Adiponectin is an adipocyte-derived hormone with diverse biological functions including, stimulation of glucose utilization, fatty-acid oxidation and inhibition of gluconeogenesis.19 Serum levels of adiponectin exceed 10 μg/ml, representing ∼0.01% of serum protein, in normal weight individuals.20 Adiponectin self-associates in serum into at least 3 oligomeric complexes, including trimer, hexamer and octadecamer (“high molecular weight;” HMW) forms.21 HMW forms of adiponectin predominate in serum of healthy human subjects; humans with diabetes and metabolic syndrome have a low percentage of HMW adiponectin relative to total adiponectin.22 However, as obesity increases, adiponectin levels decrease and this decrease is thought to be associated with an increased risk of diabetes and cardiovascular disease, implying an early role for adiponectin in disease development.23
To date, 2 specific adiponectin receptors have been identified. The receptors were identified primarily on muscle cells (AdipoR1) and liver cells (AdipoR2).24 AdipoR1 and AdipoR2 serve as receptors for adiponectin in vitro, and their reduction in obesity is correlated with reduced adiponectin sensitivity. Simultaneous disruption of both AdipoR1 and R2 abolished adiponectin binding and actions which resulted in increased tissue triglyceride content, inflammation and oxidative stress leading to insulin resistance and marked glucose intolerance.25
A role for adiponectin receptors in colon cancer progression has not been identified. However, low serum adiponectin is associated with several cancers, including colon,26 breast7 and prostate cancers.27 The mechanism by which low adiponectin may be involved in cancer risk/progression is not understood. It is hypothesized that high serum adiponectin may impart some protective/preventative effect against chronic diseases like cancer.2 Findings from recent in vitro studies suggest that adiponectin may control cancer cell growth. Specifically, globular adiponectin induced cell growth arrest and even apoptosis in MDA-MB-231 breast cancer cells28 as well as antiproliferative and apoptotic responses in human MCF7 breast cancer cells.29
In our study, we tested whether murine recombinant adiponectin could block our previously observed cell proliferation and cell signaling activity induced by leptin. We utilized a model system of conditionally immortalized colon epithelial cell lines to dissect these early events. These cell lines, YAMC (Apc+/+) cells and IMCE (ApcMin/+) cells, respectively display phenotypes consistent with normal and preneoplastic colon epithelial cells observed in human colon epithelial carcinogenesis.30
- Top of page
- Material and methods
Our laboratory has established that leptin-induced signaling pathways, NF-κB and trans-IL-6 pathways, are up regulated in preneoplastic but not normal colon epithelial cells resulting in preneoplastic cell proliferation. In metastatic tumor cells and in mouse models of colitis adiponectin blocked cell proliferation and decreased tumor burden respectively.37–39 These phenotypic observations led us to explore a possible preventative role for adiponectin on our previously observed leptin-induced cell proliferation. In the present study our primary goal was to determine whether adiponectin could inhibit the preneoplastic (IMCE (ApcMin/+) cells) colon epithelial cell proliferation induced by leptin as we previously observed.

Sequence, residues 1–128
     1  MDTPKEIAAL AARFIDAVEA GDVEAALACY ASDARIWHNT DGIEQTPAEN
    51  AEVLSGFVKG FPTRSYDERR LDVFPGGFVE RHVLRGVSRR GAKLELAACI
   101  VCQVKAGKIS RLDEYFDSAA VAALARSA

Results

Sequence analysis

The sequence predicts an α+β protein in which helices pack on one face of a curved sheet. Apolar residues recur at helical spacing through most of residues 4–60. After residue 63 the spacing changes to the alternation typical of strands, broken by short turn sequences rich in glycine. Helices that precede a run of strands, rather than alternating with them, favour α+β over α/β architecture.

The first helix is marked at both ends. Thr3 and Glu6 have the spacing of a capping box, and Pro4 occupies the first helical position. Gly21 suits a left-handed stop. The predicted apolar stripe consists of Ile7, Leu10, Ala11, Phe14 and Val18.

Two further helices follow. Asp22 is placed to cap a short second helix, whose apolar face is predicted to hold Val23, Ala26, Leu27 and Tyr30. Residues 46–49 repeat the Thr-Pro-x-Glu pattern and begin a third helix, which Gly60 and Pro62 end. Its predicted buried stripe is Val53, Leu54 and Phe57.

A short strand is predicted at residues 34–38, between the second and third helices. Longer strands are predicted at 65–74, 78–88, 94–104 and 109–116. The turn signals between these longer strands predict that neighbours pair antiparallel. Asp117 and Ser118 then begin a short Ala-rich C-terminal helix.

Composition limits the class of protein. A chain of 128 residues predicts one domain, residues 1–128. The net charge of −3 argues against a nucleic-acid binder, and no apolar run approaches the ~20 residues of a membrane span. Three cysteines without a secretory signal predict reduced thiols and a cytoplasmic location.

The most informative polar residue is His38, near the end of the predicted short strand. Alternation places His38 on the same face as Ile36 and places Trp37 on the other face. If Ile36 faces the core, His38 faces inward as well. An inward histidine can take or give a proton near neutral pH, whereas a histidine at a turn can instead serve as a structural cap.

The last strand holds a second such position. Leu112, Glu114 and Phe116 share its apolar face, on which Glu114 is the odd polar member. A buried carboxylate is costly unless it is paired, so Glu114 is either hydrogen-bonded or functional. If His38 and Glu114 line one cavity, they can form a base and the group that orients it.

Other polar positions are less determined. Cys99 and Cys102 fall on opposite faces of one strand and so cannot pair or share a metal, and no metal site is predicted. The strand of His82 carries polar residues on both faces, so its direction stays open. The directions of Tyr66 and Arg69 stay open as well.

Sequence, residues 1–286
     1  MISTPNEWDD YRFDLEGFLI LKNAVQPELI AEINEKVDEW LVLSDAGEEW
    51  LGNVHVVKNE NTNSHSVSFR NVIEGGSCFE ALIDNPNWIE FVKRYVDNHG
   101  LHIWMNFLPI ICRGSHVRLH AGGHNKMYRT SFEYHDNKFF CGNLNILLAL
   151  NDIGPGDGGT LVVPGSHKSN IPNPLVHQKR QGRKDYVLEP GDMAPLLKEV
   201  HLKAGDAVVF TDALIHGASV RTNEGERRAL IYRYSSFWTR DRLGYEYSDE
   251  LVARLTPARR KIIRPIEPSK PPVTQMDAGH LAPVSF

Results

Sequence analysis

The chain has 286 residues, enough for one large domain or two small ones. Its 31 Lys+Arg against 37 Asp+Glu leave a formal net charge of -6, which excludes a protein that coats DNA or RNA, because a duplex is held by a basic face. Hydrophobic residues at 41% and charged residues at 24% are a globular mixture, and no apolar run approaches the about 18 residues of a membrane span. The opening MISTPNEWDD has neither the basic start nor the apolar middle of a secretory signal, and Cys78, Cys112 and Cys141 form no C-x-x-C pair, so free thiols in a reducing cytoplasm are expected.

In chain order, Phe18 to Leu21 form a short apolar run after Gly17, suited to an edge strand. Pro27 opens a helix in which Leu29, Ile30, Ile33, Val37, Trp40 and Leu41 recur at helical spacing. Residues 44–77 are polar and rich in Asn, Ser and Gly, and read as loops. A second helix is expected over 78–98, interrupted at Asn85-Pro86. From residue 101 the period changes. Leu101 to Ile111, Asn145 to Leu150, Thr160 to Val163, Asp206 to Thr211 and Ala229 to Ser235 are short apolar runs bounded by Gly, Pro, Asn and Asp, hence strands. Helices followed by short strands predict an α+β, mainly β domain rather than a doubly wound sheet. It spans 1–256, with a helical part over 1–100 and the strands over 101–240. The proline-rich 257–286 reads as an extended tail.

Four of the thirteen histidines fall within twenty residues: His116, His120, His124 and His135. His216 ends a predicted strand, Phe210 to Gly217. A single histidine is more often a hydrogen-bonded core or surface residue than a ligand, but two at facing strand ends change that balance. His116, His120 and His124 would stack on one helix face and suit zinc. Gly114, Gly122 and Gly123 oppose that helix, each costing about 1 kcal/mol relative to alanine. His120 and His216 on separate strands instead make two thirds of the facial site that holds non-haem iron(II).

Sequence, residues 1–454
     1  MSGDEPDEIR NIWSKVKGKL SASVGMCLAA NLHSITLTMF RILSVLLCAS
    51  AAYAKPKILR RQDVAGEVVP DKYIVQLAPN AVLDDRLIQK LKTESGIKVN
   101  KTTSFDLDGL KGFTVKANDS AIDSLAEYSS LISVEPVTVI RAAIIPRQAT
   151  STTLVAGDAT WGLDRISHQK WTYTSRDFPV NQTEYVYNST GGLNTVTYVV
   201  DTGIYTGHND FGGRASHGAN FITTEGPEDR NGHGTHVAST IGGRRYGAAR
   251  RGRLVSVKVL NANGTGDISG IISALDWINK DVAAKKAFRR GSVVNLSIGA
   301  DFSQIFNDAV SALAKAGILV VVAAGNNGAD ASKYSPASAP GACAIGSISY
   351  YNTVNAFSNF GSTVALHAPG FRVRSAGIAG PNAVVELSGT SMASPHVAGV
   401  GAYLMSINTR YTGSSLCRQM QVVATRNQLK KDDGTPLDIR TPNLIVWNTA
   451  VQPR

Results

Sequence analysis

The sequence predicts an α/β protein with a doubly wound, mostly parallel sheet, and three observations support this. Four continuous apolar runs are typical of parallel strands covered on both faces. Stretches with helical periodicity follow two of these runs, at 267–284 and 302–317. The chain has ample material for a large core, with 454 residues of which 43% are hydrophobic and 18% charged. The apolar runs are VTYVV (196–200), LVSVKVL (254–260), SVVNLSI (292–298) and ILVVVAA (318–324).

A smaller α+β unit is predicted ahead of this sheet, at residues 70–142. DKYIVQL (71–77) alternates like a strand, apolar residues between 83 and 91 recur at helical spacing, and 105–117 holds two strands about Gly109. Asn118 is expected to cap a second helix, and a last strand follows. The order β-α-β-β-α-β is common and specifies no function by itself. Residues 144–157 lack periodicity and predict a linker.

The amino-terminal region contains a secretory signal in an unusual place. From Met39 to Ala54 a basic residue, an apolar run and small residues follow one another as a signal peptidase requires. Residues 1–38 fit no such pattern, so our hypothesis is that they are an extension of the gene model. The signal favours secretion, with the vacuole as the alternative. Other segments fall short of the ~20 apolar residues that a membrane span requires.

While not physiologic based on the fact that adiponectin or leptin do not exist in vivo alone but rather coexist in serum, we wanted to take advantage of our reductionist model system to identify adiponectin-specific phenotypic effects. Initially, we treated both the normal YAMC (Apc+/+) and preneoplastic IMCE (ApcMin/+) cells with adiponectin across a range of concentrations (0.01–25.0 μg/ml) to determine the concentration-dependent effects of adiponectin alone on basal cell proliferation. In serum-free conditions, adiponectin treatment alone slightly blocked YAMC (Apc+/+) and IMCE (ApcMin/+) cell proliferation at the highest concentrations of 10 and 25 μg/ml (Fig. 1a). Co-treatment of IMCE cells with leptin and adiponectin together inhibited leptin-induced cell proliferation (Fig. 1b) and increased caspase activation (Fig. 1c). These data are consistent with the hypothesis that adiponectin desensitizes the cells to proliferative signals evidenced by decreased cell numbers across adiponectin treatment alone or in combination with leptin. In addition, cotreatment of IMCE cells with leptin and adiponectin activated caspases consistent with the phenotypic observation in Figure 1b. It is interesting, while not physiologic, that treatment of IMCE cells with 1 μg/ml adiponectin alone decreased caspase activity (Fig. 1c) with no observed change in cell number (1A). Note that 1 μg/ml adiponectin treatment alone led to decreased NF-κB activation, increased total cytoplasmic IκB-α and decreased phospho- IκB-α (Fig. 5). These observations provide indirect but consistent evidence for IκK activation resulting in inhibition of NF-κB and may explain part of the decreased cell proliferation because of adiponectin treatment alone.